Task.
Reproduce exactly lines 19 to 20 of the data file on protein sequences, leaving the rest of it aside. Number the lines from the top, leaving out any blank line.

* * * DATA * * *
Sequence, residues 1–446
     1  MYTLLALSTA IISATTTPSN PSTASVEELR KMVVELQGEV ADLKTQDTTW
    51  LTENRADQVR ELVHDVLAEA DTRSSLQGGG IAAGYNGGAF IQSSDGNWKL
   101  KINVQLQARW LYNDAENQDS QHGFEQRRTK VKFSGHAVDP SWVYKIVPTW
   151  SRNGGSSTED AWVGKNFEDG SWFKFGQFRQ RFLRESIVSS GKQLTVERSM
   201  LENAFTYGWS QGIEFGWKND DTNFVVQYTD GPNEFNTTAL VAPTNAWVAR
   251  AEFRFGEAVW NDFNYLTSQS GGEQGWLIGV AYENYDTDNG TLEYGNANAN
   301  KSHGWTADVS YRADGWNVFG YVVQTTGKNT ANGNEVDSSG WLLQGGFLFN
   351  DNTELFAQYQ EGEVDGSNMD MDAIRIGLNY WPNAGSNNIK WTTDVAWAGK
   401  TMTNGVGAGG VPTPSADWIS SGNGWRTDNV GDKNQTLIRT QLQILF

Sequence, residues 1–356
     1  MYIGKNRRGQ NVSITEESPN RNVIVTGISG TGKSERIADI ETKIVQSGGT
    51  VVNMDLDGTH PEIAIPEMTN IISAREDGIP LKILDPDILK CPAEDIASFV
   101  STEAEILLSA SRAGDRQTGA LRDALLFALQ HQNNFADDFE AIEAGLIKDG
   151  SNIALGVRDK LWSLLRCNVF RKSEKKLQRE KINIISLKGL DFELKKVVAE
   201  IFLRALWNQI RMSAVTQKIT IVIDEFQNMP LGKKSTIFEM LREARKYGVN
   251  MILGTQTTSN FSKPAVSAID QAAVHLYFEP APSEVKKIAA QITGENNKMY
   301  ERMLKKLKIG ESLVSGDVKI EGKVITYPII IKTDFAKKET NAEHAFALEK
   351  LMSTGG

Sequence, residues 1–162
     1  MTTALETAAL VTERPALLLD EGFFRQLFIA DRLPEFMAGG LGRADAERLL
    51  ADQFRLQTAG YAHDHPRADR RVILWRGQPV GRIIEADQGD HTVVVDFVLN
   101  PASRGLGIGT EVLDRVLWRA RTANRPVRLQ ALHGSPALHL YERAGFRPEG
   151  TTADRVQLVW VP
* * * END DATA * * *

   351  LMSTGG

Sequence, residues 1–162